What it is, where it is, why it is famous The Sistine Chapel is the chapel of the pope.
Michelangelo & the Pope's Ceiling (Book): King, Ross, In , despite strong advice to the contrary, the powerful Pope Julius II commissioned Michelangelo Buonarroti to paint the ceiling of the newly restored Sistine Chapel in Rome. May 30, · Michelangelo and the Sistine Chapel Ceiling. In , Pope Julius II commissioned Michelangelo to sculpt him a grand tomb with 40 life-size statues, and the artist began work. Michelangelo and the Pope's Ceiling blends with success the troubles of an era, the rationale behind the art, and the day-to-day struggles with plaster, paint, and pigments. It is the tale of Michelangelo's grumbling, undeniable artistry, Raphael's grace-filled genius, Pope Julius's temporal ambitions; and it is not the tale of any of these.
This ought not to be so, because his first biographers and best sources were his friends, Giorgio Vasari and Ascanio Condivi. For Vasari, the divine Michelangelo was the pinnacle of all art, the summation of a multiple fable called The Lives of the Artists, Sculptors and Architects, with its happy fulfilment in the age of the Medicis and the popes Julius II and Leo X.
Bywhen Condivi was writing and Vasari published his first edition, Michelangelo was 75, full of a belief in the mystic inspiration of the artist.
He dictated out of his story any inference that his younger self had learnt from any other living artist even he would not have excepted the greatest dead Florentine artists of the cinquecento, Masaccio and Donatello.
If Michelangelo learnt about fresco techniques anywhere, it was here. He grew to reject Ghirlandaio, but his master, with his vivid settings in contemporary Florence and the family house of his clients, the Tornabuoni family, was the Renaissance equivalent to the Baudelairean painter of modern life - Manet, perhaps this would make Masaccio, with the dignified working men of the Brancacci frescoes from which Michelangelo had made drawings, the renaissance Braque, and Michelangelo himself the divine Pablo Picasso.
Michelangelo immediately dazzled his patron by picking up hammer and chisel and knocking out a small masterpiece. But this story too is a myth. There is no record of any such school and, as EH Gombrich has argued, Il Magnifico devoted his energies to collecting coins and gems; his father and grandfather were the great patrons.
But in the time of Condivi and Vasari, the Medicis still needed to be flattered.
Ross King knows all this. His long bibliography shows as much. His difficulty is that he wants to tell a story as vividly as Vasari, but to make anything much more than a pass at nice judgment would result in a disjointed tale inimical to his enterprise.
This is deeply improbable. The iconology of all church paintings was the business of churchmen, and in the Vatican there was a whole team of Dominican theologians for the purpose.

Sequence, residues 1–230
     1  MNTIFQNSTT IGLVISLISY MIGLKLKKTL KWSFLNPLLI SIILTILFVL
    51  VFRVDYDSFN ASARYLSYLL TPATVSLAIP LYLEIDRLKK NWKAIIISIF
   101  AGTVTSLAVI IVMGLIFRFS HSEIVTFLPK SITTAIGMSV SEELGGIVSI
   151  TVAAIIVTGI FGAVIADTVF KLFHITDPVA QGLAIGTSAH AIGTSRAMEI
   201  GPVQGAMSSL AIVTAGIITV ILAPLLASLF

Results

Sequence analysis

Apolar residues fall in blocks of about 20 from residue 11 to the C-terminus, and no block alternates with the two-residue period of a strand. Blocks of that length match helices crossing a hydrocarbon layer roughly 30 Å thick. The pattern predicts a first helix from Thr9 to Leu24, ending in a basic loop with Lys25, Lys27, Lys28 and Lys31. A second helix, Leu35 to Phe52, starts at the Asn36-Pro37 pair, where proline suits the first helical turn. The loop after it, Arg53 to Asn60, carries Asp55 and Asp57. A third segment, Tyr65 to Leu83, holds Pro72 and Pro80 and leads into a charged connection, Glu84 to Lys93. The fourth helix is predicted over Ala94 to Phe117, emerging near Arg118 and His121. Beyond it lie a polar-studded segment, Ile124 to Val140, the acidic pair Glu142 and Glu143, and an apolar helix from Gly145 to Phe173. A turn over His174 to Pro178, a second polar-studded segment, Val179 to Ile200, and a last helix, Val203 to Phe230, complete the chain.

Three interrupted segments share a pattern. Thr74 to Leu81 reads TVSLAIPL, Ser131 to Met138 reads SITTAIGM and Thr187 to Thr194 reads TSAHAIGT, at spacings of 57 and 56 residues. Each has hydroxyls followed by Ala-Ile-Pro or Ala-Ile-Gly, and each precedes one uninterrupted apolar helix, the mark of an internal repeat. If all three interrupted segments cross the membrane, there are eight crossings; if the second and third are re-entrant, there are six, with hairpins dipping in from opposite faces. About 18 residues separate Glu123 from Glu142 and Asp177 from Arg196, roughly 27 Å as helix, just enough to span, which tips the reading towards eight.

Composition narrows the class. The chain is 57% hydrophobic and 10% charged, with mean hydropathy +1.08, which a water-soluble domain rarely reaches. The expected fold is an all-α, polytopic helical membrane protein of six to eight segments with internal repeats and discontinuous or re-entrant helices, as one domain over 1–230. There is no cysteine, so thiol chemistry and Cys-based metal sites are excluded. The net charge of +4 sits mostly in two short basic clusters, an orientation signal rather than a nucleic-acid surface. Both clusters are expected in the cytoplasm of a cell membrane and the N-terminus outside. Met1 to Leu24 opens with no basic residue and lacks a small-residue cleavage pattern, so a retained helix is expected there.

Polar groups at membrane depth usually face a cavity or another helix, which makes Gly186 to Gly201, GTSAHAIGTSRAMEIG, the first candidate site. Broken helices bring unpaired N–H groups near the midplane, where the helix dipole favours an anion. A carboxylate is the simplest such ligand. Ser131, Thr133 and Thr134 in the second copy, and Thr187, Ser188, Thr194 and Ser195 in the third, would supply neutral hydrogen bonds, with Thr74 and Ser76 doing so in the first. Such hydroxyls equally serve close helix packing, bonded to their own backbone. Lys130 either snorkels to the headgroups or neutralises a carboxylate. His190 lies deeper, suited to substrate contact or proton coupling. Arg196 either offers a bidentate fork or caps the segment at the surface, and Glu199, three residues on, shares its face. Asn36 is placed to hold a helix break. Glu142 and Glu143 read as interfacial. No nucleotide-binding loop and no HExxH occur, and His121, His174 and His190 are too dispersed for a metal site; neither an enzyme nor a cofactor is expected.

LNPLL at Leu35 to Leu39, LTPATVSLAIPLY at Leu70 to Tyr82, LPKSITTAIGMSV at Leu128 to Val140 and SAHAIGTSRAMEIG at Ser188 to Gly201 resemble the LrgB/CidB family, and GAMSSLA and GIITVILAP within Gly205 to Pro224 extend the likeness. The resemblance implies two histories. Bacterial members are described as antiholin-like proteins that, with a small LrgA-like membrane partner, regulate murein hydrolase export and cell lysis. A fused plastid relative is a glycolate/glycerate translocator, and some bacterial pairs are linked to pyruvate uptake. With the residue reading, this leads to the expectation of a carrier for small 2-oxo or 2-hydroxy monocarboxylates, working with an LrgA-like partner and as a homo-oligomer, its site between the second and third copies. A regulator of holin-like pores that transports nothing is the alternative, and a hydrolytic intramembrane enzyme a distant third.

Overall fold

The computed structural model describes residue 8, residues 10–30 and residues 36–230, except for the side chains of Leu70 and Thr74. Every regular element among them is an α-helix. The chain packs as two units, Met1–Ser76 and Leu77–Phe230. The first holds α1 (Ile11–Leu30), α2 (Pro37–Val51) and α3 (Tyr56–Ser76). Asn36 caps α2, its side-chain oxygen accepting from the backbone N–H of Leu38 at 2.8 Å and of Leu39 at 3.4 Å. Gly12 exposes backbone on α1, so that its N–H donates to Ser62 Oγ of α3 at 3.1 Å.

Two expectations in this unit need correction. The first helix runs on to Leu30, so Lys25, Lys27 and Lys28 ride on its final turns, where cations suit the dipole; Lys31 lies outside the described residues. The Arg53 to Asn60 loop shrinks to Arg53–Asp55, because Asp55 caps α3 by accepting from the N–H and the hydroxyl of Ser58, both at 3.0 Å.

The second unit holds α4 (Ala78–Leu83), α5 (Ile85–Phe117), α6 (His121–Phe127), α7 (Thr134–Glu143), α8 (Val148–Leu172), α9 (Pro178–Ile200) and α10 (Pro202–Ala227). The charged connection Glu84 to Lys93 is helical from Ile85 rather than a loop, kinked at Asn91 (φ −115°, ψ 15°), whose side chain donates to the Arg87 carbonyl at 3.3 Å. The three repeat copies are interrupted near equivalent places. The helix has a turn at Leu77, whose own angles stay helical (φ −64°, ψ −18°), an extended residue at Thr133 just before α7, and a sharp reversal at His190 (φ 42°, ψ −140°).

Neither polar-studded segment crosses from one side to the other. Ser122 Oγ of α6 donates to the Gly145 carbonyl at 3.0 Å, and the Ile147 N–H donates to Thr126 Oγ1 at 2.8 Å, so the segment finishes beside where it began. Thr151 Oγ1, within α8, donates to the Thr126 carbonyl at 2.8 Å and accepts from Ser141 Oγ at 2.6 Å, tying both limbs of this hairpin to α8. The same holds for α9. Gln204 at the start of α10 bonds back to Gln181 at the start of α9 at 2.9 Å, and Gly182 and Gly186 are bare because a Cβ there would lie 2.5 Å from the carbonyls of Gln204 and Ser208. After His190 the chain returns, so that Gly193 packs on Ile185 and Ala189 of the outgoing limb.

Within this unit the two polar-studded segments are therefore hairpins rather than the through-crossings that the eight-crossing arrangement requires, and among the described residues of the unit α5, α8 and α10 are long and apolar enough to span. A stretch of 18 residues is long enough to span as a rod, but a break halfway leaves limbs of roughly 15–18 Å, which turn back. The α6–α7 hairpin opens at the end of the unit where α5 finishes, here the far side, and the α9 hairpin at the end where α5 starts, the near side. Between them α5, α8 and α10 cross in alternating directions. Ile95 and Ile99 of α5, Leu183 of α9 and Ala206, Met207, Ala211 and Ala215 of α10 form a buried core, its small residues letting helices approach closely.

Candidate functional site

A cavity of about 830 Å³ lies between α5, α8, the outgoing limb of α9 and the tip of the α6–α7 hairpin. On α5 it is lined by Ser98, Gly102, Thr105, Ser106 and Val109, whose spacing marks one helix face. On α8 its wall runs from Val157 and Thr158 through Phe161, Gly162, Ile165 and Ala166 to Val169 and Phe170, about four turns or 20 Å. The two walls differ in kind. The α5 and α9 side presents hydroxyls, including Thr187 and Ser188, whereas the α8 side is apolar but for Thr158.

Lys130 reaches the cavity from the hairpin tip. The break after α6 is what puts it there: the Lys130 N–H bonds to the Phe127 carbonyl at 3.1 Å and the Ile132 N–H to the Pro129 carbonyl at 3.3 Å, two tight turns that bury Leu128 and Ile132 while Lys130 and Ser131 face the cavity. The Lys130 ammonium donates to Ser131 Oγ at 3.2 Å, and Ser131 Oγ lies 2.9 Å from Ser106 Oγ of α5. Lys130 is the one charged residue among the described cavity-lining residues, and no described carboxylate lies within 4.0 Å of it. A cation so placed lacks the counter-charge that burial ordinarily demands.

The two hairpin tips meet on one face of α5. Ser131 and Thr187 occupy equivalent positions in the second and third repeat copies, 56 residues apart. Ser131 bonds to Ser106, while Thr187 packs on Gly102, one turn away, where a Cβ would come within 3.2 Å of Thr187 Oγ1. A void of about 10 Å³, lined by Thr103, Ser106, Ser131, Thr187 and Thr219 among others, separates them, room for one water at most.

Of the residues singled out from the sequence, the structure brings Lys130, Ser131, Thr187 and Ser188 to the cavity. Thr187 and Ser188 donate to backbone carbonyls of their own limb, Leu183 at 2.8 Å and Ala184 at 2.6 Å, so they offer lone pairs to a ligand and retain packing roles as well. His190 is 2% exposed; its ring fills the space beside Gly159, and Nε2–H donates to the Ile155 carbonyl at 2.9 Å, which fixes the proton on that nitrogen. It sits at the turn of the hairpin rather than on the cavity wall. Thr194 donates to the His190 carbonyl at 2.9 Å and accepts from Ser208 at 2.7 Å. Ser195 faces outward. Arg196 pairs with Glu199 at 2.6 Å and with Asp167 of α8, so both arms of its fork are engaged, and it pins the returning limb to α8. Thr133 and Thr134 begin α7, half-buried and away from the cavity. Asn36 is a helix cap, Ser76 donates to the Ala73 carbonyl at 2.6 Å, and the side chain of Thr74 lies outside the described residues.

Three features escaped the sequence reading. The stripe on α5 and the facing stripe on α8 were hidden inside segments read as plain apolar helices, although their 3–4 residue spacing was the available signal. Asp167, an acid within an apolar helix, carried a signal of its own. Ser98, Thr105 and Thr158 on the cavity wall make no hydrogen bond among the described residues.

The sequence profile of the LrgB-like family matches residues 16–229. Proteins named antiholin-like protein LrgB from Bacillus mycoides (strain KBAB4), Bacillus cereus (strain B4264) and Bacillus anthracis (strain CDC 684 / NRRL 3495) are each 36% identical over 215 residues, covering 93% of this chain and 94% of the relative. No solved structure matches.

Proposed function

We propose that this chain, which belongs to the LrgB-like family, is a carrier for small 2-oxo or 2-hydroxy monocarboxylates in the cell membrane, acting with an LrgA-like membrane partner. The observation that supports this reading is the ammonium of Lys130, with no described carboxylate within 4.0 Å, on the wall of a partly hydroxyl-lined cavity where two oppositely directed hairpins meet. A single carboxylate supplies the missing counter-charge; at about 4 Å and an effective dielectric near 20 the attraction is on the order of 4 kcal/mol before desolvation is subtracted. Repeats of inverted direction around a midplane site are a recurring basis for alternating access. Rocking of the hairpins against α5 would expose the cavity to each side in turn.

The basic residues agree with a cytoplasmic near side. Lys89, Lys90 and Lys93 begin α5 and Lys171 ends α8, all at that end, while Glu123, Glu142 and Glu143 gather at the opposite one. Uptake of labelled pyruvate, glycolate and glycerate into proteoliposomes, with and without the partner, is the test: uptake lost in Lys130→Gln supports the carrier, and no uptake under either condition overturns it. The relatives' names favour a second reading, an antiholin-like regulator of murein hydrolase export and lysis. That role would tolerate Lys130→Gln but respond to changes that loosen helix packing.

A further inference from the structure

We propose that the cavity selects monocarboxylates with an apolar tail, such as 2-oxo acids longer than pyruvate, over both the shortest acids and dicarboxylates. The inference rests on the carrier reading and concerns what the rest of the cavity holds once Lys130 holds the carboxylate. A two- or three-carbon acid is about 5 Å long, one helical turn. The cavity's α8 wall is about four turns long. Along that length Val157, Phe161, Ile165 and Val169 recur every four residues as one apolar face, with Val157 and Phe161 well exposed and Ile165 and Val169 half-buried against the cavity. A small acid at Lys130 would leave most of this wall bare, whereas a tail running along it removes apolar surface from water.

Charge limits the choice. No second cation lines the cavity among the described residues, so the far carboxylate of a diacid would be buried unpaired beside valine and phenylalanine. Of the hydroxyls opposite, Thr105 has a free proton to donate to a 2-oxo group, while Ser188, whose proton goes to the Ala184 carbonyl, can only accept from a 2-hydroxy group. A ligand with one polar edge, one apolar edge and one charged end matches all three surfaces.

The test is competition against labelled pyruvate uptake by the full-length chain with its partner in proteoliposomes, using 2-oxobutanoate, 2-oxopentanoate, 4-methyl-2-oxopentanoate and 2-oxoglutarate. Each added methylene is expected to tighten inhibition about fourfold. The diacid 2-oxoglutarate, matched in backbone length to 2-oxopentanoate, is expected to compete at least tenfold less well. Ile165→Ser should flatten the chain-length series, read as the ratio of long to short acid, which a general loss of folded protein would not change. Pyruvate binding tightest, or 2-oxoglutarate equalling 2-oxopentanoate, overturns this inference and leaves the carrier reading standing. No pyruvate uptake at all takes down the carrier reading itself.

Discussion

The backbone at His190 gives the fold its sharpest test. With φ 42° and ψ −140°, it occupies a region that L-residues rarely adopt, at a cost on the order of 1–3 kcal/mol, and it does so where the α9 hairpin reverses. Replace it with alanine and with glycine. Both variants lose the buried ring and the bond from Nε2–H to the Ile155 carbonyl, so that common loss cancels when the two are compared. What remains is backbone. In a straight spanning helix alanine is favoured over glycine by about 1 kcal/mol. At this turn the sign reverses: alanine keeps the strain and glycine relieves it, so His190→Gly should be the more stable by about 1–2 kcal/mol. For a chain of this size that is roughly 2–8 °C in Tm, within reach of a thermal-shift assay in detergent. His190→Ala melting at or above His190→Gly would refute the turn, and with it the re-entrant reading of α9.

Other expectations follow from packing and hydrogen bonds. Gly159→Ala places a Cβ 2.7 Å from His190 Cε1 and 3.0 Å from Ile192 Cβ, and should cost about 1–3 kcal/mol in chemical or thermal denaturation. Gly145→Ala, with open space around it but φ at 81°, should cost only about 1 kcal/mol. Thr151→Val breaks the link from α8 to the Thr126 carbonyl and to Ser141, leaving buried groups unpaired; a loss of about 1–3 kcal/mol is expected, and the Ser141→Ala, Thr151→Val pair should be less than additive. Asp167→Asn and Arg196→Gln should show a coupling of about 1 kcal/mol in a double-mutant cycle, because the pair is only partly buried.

The design was a different matter. Here, Michelangelo had his own way.
Anything else is inconceivable: The constituents of the plaster posed a problem that almost led Michelangelo into disaster and caused him to complain for the hundredth time that he was a sculptor not a painter. He was rescued by a jobbing architect with experience of fresco; the problem was that Michelangelo had been mixing too much water with his plaster.
Even without the rivalries, real and imagined, with Raphael and with Bramante, this is a good read, surmounting the problem of a prose style in which refusals are always "flat", plans are "hatched", annexations are "land grabs", there is a new "boy wonder" Raphaeland people have "mammoth" aspirations or "stellar" reputations.Michelangelo and the Pope’s Ceiling tells the amazing story of how the Michelangelo painted the Sistine Chapel in Rome.
Michelangelo is a sculptor not an artist and did . In , the Pope had Michelangelo stop work on the tomb and begin painting the ceiling of the Sistine Chapel.
Michelangelo, annoyed at the disruption, wanted to finish the difficult work of painting the enormous ceiling as quickly as possible. Mr. King talked about his book Michelangelo and the Pope’s Ceiling, published by Walker and ph-vs.com book tells the story of how Pope Julius commissioned Michelangelo to fresco the ceiling of the.
Michelangelo and the Pope's Ceiling recounts the four extraordinary years Michela With little experience as a painter (though famed for his sculpture David), Michelangelo was reluctant to /5. About Michelangelo and the Pope's Ceiling From the acclaimed author of Brunelleschi's Dome and Leonardo and the Last Supper, the riveting story of how Michelangelo, against all odds, created the masterpiece that has ever since adorned the ceiling of the Sistine Chapel.
Michelangelo and the Pope's Ceiling by Ross King pp, Chatto & Windus, £ Writing Michelangelo Buonarroti's life is a tough option.
This ought not to be so, because his first biographers.